If you have a Verizon Motorola Droid Razr and will be traveling to Australia, you can use a local SIM card very inexpensively. Having done so, I thought I’d share the information. FYI: I was using a Razr Max with the Android 4.0 (Ice Cream Sandwich) operating system in my phone. This was November 2012.
Verizon uses a technology called CDMA in the US, but the Razr also has a SIM card, which allows it to use the GSM phone technology used by most networks in most foreign countries.
The first step, before leaving the US, is to contact Verizon’s Global Support group at (908) 559-4899. You need to ensure that your phone is unlocked so that a SIM other than Verizon’s can be used. I am unclear if all Razr phones are unlocked or not, but I was advised mine was unlocked.
When I arrived in Australia, I visited a Vodafone store. I believe there is one in the airport, but I visited one in Sydney. (Probably best to go to the one in the airport, as I think the costs are the same.) At the time (November 2012), they offered a prepaid SIM card with an Australian mobile phone number. It cost $30 for 28 days of use. It included: Up to $450 worth of “flexible credit,” infinite text anytime to any network in Australia, infinite mobile access to Facebook, Twitter, MySpace, LinkedIn and foursquare, and 500MB of data. NOTE THAT YOU NEED A MICRO-SIM. (There are two sizes of SIM cards. You need the smaller one.)
What does this mean? Vodafone charges 90c per minute, plus a 40c connection fee to phones in Australia, and 35c per international text message. Calls internationally are quite a bit more expensive: International call rates for prepaid $10, $30, $50 and $70 Caps - Vodafone Australia. All of these charges go against your $450 of credit. If you go over, you buy more service and can do so online.
Alternatively you can choose an international plan in which you pay a maximum of $1 to make standard national voice calls to the USA and Singapore, and any landline to NZ & UK.: Vodafone International - Vodafone Australia. You get less data in this case and there are other changes.
I took the first plan. My partner took the second. That allowed me to use the bigger data bin and we used her phone for calls home to the US, as they were maximum $1.
The Vodafone tech will activate your SIM at the store. I will not get technical on the removal of your existing SIM and replacement with the new one. Suffice it to say that you must first turn the phone off, then locate that small compartment on the bottom left side of the phone which can be opened with a fingernail. There are two cards in there. The one closer to the top of the phone is the SIM. You push in on it and it pops up. Remove it and be sure to put it in a safe place, as you will need to reverse this process when you are out of Australia.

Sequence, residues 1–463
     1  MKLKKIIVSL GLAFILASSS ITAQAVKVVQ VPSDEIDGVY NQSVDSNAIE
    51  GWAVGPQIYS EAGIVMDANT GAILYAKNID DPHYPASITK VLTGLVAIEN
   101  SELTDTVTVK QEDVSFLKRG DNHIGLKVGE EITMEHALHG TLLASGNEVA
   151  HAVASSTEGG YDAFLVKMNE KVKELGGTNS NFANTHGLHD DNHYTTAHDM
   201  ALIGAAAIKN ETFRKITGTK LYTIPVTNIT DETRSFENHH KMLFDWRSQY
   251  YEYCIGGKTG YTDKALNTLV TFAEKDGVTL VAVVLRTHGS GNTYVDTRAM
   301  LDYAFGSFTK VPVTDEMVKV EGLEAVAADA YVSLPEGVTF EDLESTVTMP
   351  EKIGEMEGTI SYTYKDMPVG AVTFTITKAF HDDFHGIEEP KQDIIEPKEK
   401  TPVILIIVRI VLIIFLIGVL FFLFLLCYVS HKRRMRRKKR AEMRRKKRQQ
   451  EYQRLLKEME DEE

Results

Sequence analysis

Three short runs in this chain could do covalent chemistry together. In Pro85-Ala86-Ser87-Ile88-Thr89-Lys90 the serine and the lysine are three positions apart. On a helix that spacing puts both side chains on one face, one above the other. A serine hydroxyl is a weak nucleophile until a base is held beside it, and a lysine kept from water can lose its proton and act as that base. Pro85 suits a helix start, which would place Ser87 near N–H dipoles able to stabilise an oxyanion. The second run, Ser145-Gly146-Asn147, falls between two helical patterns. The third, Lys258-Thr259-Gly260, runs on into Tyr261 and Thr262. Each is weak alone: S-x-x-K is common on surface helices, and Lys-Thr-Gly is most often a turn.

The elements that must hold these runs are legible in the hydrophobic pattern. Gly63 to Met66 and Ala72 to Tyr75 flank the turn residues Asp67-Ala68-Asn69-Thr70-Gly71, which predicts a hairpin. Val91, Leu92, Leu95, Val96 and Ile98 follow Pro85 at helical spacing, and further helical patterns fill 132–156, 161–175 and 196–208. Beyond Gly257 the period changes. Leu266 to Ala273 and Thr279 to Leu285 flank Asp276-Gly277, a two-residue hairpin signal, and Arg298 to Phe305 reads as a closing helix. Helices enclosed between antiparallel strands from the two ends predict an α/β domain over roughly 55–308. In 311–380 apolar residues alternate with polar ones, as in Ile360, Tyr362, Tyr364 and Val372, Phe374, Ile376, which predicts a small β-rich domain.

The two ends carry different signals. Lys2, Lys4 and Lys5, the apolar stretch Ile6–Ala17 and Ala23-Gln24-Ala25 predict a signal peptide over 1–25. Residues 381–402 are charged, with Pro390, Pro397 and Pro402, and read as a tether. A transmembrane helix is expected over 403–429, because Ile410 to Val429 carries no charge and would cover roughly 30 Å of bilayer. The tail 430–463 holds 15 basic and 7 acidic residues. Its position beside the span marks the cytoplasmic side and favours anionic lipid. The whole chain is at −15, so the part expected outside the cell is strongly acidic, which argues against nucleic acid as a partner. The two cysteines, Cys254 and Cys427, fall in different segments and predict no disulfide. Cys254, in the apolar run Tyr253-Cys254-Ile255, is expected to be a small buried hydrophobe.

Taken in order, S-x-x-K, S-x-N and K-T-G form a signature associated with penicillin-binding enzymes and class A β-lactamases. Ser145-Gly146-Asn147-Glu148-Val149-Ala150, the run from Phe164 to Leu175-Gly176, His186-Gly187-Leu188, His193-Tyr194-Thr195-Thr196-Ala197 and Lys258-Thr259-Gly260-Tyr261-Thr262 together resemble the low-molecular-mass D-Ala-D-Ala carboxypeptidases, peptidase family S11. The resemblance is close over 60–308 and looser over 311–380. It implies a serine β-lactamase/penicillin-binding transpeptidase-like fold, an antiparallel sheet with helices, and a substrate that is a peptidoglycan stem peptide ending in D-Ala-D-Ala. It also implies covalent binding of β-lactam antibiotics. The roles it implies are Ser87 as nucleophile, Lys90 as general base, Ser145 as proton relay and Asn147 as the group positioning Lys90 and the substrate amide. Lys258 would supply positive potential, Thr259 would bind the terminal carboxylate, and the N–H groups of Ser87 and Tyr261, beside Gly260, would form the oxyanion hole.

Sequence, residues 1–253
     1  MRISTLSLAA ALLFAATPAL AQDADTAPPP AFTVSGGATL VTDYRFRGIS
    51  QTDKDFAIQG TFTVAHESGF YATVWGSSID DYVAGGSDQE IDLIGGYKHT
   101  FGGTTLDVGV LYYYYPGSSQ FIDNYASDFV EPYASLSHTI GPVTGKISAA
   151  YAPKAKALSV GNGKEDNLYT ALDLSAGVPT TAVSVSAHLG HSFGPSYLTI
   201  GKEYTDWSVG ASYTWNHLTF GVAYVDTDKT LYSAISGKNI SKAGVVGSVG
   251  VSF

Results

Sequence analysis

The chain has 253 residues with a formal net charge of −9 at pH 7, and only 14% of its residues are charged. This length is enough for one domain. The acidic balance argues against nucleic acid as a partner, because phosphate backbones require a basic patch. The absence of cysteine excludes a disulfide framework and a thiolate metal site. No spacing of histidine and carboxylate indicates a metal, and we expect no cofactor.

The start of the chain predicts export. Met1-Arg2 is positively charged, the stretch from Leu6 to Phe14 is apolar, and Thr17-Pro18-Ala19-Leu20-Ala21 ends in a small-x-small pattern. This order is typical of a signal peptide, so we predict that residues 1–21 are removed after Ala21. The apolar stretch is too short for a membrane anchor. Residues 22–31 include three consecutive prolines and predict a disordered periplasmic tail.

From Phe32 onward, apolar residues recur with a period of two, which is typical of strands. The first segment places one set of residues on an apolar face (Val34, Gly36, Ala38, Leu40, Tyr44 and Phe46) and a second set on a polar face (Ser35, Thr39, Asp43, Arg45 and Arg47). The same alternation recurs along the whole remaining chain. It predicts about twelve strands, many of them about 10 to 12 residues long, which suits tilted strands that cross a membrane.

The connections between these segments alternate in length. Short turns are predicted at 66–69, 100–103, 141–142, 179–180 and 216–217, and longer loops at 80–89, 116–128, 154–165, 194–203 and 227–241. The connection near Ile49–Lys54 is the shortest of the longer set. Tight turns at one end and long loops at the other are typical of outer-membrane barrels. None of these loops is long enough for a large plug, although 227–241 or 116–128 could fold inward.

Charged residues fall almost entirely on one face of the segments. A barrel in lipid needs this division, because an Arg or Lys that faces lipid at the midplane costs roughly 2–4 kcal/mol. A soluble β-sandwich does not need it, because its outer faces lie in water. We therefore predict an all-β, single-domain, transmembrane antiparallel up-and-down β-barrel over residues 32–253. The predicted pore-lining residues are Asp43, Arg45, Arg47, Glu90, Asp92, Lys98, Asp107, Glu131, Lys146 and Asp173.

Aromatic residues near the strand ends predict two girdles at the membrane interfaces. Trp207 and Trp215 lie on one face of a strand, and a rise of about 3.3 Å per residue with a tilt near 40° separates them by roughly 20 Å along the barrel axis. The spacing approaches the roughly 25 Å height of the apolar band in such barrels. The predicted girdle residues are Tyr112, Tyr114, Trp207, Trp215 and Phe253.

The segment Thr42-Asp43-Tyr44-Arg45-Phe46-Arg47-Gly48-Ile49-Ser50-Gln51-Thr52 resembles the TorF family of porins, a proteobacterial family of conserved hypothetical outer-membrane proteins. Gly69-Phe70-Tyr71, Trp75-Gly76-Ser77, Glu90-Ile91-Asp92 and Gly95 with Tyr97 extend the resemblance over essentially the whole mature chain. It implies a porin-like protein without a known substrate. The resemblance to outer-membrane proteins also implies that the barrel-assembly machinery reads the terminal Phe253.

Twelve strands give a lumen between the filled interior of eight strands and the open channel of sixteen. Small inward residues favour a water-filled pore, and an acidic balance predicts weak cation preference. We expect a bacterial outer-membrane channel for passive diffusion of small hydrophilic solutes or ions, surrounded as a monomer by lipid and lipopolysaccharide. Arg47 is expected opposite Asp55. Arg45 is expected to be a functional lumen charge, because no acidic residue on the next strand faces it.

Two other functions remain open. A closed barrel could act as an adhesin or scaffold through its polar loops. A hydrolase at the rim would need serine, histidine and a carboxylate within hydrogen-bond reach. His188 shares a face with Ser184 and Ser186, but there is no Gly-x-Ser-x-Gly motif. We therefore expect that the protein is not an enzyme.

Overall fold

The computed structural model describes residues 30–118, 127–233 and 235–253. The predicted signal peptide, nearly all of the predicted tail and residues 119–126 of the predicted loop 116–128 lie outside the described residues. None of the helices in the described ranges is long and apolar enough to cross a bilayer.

When you restart the phone, you need to change the default setting in the phone to use the SIM card you inserted. The default is Global Mode, which switches automatically from CDMA to the SIM card that is normal for your phone (i.e. the US SIM you got from Verizon). You need to change that as follows: Settings > More … > Mobile networks > Network Mode. Change to GSM/UMTS. I found that once I had done this, I was on the network for phone calls in about a minute or two.
Setting the phone up for data was more complicated. You need to change the A:PN (Access Point Names). There is a great Vodafone blog on this at: How to set up your APN settings for Android | Vodafone Australia blog. Or you can go here: Set up your phone - Vodafone Australia. You can also go to the Internet and search on A:PN settings. I suggest printing out the blog information before you visit Australia.
If you follow these instructions, you should be able to use your data normally in Australia, sending and receiving mail, surfing the Internet, etc. The hotspot feature in the phone does not appear to work, so I was not able to use the phone for Internet connectivity for my laptop. I made very few calls, as people tend to text mostly in Australia. I found that over a 10 day period I had used less than 200 MB of data (limit is 500) and less than $150 of my flexi-credit.
The bottom line is that this was a really inexpensive option and allowed me to communicate for $30 with many international friends, as well as my partner, while I was in Australia.
Obviously, I could not receive calls at my US number, except voice-mail. I called once a day to retrieve them.